Select the date range you’re tracking for, and then export the data to a spreadsheet. Since you can sort the data in the order of reach, you can start contacting the most important websites.
Once you’ve taken stock of existing mentions, set up automated daily/weekly reports for the new mentions.
Clean and segment your prospect lists
If you don’t have a lot of mentions, you can contact each website on your list. But the more efficient way is to restructure your email list to prioritize the most valuable backlink opportunities.
The data that you’ve exported is already in the order of highest to lowest domain rating. Determ also lets you filter results according to influence score, reach, and virality. That can help weed out websites that can’t provide you with quality backlinks.
Double-check the shortlisted websites before starting outreach. Paste all the web pages you want to check in a URL opener tool to open multiple tabs at once. You can comb through the text on individual pages using a Ctrl + F search.
Alternatively, use a link checker tool like the one here.
Paste the URL of the page and select the external links filter. If the page has already linked to your website, you can drop them from your outreach list.
Find email addresses of decision-makers for outreach
There’s usually more than one player involved in the publication of a blog or article. In most cases, the editor of the blog or head of content or communication strategy is a safe bet. But in smaller teams, there’s often an overlap of roles. The writer might also double up as the blog owner, in which case your search for editors will come up empty.
Use the ‘About Us’ page on their website to identify the point person. If that doesn’t work, you can look them up on LinkedIn.
Put in the name of the decision-maker you’ve identified along with the domain name in Hunter’s Email Finder to find their email address.
You can also use their Domain Search feature to pull up all the email addresses associated with a website.
If you’re dealing with large volumes of mentions, the last thing you want is to find out you’ve been emailing a defunct or invalid email address all along. So before adding them to your list, validate email addresses to ensure they’re functional.
Crafting personalized email copy
Once you’ve got the contact information in place, you can start reaching out to website managers, editors, or authors with your backlink request. Make sure to:
1. Use non-generic subject lines.
A subject line like ‘Unlinked Brand Mention for [Product X]’ or ‘Backlink for [Company Y]’ isn’t just uninteresting, its terse and commanding tone can rub people off the wrong way.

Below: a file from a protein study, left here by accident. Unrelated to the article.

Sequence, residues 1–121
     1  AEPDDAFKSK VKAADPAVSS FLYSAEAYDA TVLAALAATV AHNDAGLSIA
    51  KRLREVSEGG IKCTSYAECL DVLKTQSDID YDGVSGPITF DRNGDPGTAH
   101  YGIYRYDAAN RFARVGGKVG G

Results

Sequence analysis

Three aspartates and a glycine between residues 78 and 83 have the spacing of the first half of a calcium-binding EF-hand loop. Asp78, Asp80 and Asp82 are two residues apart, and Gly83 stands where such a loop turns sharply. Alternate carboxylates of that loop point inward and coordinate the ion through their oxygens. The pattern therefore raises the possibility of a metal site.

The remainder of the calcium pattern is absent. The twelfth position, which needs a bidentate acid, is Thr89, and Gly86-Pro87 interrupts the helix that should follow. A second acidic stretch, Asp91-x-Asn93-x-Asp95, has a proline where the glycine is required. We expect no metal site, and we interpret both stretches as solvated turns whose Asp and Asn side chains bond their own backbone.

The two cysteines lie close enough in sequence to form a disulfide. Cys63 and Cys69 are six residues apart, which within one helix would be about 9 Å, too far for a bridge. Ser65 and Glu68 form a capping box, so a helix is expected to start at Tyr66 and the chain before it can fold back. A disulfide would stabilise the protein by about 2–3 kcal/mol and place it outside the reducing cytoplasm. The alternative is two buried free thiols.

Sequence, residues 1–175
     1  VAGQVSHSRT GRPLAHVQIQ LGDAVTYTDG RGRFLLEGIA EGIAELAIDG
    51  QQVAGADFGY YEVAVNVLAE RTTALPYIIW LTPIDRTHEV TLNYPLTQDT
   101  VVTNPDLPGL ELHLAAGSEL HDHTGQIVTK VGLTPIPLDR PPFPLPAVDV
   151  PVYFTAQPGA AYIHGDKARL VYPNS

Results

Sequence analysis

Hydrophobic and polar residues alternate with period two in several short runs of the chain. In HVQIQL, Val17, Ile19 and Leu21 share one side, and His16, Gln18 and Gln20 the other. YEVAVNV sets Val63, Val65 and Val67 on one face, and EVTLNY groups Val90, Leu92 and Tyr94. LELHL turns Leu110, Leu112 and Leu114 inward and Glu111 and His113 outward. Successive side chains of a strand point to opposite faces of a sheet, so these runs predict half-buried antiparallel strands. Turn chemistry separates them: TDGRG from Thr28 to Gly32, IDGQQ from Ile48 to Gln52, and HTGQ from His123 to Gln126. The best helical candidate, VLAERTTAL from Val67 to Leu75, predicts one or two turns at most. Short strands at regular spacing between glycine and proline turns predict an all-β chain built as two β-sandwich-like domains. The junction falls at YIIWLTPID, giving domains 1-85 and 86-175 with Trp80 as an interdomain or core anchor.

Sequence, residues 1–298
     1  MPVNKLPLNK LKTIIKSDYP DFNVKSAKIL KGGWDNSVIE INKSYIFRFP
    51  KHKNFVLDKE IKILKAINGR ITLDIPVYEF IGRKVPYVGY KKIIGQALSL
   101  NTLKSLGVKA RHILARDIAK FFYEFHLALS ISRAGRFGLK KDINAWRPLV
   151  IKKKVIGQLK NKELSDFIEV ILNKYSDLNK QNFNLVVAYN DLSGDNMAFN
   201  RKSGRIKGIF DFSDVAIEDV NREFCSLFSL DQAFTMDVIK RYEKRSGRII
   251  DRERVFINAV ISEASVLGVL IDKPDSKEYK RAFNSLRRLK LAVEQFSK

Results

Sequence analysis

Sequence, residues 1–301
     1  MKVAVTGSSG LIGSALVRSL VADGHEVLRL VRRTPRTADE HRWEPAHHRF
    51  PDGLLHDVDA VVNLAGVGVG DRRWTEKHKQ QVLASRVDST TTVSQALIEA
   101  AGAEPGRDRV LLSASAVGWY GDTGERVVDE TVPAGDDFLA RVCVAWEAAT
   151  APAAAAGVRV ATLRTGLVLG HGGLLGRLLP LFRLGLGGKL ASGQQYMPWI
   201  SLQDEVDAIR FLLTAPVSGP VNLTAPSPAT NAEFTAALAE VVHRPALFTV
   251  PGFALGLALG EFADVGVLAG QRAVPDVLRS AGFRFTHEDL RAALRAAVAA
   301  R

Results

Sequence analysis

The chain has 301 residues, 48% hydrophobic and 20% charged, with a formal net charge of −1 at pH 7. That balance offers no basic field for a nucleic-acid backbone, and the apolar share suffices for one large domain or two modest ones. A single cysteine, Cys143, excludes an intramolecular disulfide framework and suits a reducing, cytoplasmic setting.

Instead, use something like ‘Thanks for featuring us on [Recipient Company Blog]’ or ‘We’re so grateful for your mention’. When combined with a sender name like ‘Boris from Hunter’, it provides context to the recipient in just one glance.
2. Hyper-personalize for improved response rates.
Always start your emails by thanking them for mentioning your brand. To jog their memory and avoid confusion, include a link to the article you’re referring to along with the proposed anchor text for the backlink.
You can also compliment them on another one of the articles on their blog, or scroll through their Twitter or LinkedIn profiles to find an achievement or common interest.
3. Let them know what’s in it for them.
Include a couple of sentences in the body of your email to sell them on the value proposition of your product or service for their readers.
If you’re willing to offer them a barter link, a free trial of your product, or any other form of collaboration for the backlink, spell it out in clear terms.
4. Follow up.
Good things come to those who wait. But while you wait, it doesn’t hurt to nudge the other person into responding. In our case, it meant a 53% increase in response rates.
Schedule 2-3 follow-ups spread out evenly over the next two weeks from the date of your initial email.
Keep your copy friendly and to the point. Steer clear of pushy language. You don’t have to grovel either. Here’s an example.
Be flexible at negotiating
Every website owner has their own preferences and constraints. You’ll have to gauge those from their response and by studying other backlinks from their website. If you think the conversation is stalling, you can propose an add-on to your earlier offer. For example, a guest blogging invitation along with a backlink to their site.
Suggest cross-promotions, social media collaborations, or joint podcasts. Leverage your strengths to close the deal and be open to accommodate bigger asks, especially if theirs is a high-ranking website that gets a lot of traffic.
If their initial response is encouraging, and you see the potential for a long-term partnership with them, don’t hesitate to ask if they’d be open to working together in the future. A prompt follow-up after their reply can pave the way for a mutually advantageous partnership.
Unlinked brand mentions are one of the simplest ways to build strong backlinks and impart authority to your brand image. Use media monitoring tools like Determ to identify unlinked brand mentions, and reach out to website owners with a solid value proposition in return for a link.
Keep track of the websites you’ve contacted, the dates of your outreach emails, and the responses you receive. This will help you stay organized and facilitate follow-ups. Be friendly, sincere, and open to exploring alternative collaborations. You’ll see the impact on your search engine ranking and website traffic soon.
Antonio is an outreach manager at Hunter. He is passionate about testing different outreach tactics and sharing results with the community. When he is not connecting with industry leaders you can find him on his motorbike exploring off-the-beaten paths around the world.